From Seattle, most seaplanes are run by Kenmore Air. The company runs both scheduled and chartered flights daily, and they operate both seaplanes and land planes. This last bit is important: if you want to ride a seaplane in particular, you must fly in and out of specific areas. Some cities are only accessed by landplane, and vice-versa. Seaplanes can seat up to 10 adults, plus luggage (stored in the lower floats).

Orcas Island San Juans Travel Guide
Orcas Island San Juans Travel Guide

Finding accommodations on the various San Juan Islands is relatively easy. Popular islands such as Orcas, San Juan, and Lopez Island have at least one main hotel or lodge catering to visitors. Advanced reservations are always recommended.

Kenmore Air Seaplane Orcas Island
Kenmore Air Seaplane Orcas Island

Getting Around Orcas Island

Once you arrive on Orcas Island, you will probably need transportation of some sort. If you are flying into a resort where you intend to stay overnight, such as Rosario Resort or Deer Harbor, you can probably get by without a car. But if you have plans to explore the island, you will want to reserve a taxi or a rental car in advance. Our advice is to rent a car from Orcas Island Shuttle. Simply give them a call and they'll set you up with some wheels. Orcas Island is big enough that you can't quite walk from one part to another, yet it's small enough that you'll want to see as much of the island as possible.

Orcas Island San Juans Travel Guide
Orcas Island San Juans Travel Guide

Where to Stay on Orcas Island

There are three main resorts on Orcas Island that welcome visitors. All resorts are spread out on their own corners of the island, and they can fill up fast in the summer. Reservations are recommended. Alternatively, there are also Airbnb rentals, but you will definitely want to have a car and GPS to navigate. There are also some camping sites located throughout Orcas Island. It's best to reserve your camp site in advance and make sure you bring proper camping gear.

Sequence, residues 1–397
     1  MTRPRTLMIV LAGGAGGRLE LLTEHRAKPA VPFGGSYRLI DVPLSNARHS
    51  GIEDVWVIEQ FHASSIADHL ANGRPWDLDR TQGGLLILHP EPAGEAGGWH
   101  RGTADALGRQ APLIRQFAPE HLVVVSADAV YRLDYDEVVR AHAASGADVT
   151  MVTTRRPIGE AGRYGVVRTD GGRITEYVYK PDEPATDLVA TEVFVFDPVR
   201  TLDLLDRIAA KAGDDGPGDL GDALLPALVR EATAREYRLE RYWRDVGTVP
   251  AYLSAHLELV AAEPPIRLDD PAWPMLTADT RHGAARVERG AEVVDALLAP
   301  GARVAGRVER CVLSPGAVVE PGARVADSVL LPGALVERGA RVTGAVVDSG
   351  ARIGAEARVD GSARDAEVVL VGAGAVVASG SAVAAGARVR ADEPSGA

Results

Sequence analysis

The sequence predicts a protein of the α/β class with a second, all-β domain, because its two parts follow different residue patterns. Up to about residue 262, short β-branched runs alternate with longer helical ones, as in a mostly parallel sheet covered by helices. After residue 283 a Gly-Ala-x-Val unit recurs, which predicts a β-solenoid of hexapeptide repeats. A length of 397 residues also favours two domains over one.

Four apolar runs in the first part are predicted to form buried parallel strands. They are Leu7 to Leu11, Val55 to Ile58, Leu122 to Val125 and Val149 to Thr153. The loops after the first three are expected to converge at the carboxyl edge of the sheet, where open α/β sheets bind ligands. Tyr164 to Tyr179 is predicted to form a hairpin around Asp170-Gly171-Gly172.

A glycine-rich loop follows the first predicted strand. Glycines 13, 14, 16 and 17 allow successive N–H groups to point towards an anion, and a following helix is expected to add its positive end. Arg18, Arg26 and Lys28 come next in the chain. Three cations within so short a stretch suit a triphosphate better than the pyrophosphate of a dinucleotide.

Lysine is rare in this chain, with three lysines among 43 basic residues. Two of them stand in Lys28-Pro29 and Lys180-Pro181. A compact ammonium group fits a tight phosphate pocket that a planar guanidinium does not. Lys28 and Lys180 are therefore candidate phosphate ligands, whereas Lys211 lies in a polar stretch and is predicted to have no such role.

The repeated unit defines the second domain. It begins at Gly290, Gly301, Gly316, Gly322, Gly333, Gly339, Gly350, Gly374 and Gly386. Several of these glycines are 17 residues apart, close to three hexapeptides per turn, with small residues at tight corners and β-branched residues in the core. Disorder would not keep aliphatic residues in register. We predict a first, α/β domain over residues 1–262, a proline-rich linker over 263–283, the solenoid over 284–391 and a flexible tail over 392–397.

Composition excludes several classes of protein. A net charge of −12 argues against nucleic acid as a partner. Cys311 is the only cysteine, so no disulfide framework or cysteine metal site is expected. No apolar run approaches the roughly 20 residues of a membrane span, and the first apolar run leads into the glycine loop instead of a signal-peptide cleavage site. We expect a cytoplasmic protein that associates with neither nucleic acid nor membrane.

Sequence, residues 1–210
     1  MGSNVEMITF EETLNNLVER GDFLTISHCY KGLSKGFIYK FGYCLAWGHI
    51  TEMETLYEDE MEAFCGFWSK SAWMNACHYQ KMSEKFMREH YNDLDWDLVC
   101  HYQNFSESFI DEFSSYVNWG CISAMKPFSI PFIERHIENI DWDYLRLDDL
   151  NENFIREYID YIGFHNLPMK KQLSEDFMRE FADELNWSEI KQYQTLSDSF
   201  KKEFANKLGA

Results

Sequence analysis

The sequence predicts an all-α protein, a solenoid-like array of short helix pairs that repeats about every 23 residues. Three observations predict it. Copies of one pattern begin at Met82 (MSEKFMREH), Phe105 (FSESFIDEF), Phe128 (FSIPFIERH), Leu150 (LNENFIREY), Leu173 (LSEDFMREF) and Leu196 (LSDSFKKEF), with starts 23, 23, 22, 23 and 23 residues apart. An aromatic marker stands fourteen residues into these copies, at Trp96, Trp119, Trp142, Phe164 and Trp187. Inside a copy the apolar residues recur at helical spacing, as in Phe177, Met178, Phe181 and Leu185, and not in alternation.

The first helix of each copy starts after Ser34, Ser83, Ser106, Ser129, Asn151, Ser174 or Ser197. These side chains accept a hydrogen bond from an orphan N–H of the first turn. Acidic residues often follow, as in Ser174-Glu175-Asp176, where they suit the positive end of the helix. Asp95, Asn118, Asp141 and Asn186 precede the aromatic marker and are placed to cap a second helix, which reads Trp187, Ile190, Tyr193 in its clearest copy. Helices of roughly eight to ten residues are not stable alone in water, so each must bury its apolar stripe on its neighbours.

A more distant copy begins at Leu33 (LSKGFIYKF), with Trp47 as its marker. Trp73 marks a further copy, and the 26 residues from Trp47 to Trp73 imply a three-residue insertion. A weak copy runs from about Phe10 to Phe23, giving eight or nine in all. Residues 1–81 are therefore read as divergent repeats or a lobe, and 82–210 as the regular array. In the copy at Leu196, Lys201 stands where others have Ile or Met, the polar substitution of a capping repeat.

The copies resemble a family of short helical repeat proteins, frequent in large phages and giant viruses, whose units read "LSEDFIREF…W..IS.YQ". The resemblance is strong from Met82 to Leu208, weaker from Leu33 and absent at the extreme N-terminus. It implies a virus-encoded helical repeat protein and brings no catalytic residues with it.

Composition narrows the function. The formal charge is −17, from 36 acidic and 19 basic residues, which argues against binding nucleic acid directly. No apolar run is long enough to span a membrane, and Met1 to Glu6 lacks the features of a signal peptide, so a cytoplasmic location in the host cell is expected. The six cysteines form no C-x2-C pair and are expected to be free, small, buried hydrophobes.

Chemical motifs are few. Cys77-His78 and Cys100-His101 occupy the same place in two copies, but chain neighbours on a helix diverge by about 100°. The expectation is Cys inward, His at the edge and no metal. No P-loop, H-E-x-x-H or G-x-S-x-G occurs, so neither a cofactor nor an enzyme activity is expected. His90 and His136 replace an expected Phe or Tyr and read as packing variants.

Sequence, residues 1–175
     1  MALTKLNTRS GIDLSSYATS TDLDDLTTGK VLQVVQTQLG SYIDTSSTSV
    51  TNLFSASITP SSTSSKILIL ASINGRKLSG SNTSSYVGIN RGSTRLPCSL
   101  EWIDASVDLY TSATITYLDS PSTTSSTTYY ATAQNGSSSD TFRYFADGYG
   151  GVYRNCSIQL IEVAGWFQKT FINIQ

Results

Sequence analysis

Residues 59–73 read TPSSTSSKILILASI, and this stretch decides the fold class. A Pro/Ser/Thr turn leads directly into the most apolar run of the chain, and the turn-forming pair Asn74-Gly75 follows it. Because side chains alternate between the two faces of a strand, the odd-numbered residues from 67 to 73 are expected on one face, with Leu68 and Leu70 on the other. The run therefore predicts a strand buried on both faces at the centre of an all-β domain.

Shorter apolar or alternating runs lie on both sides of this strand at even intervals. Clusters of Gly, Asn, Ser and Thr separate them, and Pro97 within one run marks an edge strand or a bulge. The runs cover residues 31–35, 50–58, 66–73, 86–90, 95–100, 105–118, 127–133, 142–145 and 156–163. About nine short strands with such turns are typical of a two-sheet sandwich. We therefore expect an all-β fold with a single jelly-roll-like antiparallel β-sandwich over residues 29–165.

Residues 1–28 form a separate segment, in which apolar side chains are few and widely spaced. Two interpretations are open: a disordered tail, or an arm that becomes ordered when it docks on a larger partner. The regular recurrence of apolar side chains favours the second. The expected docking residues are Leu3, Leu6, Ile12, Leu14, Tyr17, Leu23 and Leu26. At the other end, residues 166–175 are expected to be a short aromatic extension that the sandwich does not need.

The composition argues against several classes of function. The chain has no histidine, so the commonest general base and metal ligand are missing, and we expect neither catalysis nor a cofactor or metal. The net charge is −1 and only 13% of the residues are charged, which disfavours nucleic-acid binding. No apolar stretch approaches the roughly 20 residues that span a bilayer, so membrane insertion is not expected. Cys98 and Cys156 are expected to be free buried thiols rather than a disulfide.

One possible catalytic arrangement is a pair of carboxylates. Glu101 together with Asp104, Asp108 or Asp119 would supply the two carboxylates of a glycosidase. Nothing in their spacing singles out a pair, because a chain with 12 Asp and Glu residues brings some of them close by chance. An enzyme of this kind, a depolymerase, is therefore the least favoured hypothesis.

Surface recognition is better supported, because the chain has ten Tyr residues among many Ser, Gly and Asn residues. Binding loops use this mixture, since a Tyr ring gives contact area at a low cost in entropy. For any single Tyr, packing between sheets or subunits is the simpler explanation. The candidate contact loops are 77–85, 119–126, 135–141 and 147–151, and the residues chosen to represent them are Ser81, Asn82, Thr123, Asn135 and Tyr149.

What to Do on Orcas Island

Here at Gemini Connect, we're keen on creating the best travel experiences possible. On Orcas, there are many experiences to keep you fresh and occupied. There are several key reasons why people flock to Orcas in particular.

Pratt_Orcas-Island_41.jpg

1.To see Orca whales

What's a place called Orcas Island without Orca whale watching opportunities? Opt for a charter boat that will take you to sea for a few hours to find Orcas in the wild. Or simply park on the beach and look out towards the sea. It's not unusual to spot these giant killer whales from the shore.

2. To explore Eastsound

The biggest town on Orcas Island and second most populated in all of the San Juans is Eastsound. It's located smack dab in the middle of Orcas, and it even has a small airport for land planes (not seaplanes). Within Eastsound are several hotels, grocery stores, restaurants (including Hogstone and Aelder), and even a summer farmer's market.

Orcas Island San Juans Travel Guide
Orcas Island San Juans Travel Guide

3. To climb Mount Constitution

Orcas Island is home to the tallest peak in all of the San Juans: Mount Constitution. Sitting at an elevation of over 2,300 feet, this summit offers stunning views of all of the San Juans. On a clear day, you can even see the Canadian cities of Vancouver and Victoria in the distance! You can Mount Constitution summit either via a traditional hike or with a wheeled vehicle (bicycle or car).

Orcas Island San Juans Travel Guide
Orcas Island San Juans Travel Guide

4. To Hike

Besides Mount Constitution, there are a few other nature parks on Orcas Island that offer hiking trails. Moran State Park, which contains Mount Constitution, has shorter hikes near its base including a waterfall trail to Cascade Falls. Further west on the island is Turtleback Mountain Preserve, offering less populated hiking trails and equally stunning views.

Orcas Island San Juans Travel Guide
Orcas Island San Juans Travel Guide

Over To You

Have you ever visited Orcas Island or any of the San Juan Islands? How did you get there, and what did you do? Let us know in the comments below!

Like this post? Share it with friends or pin it for later!

Looking for more travel planning inspiration? Follow our Best of the Pacific Northwest Board on Pinterest for more ideas for your next adventure!

orcas.jpg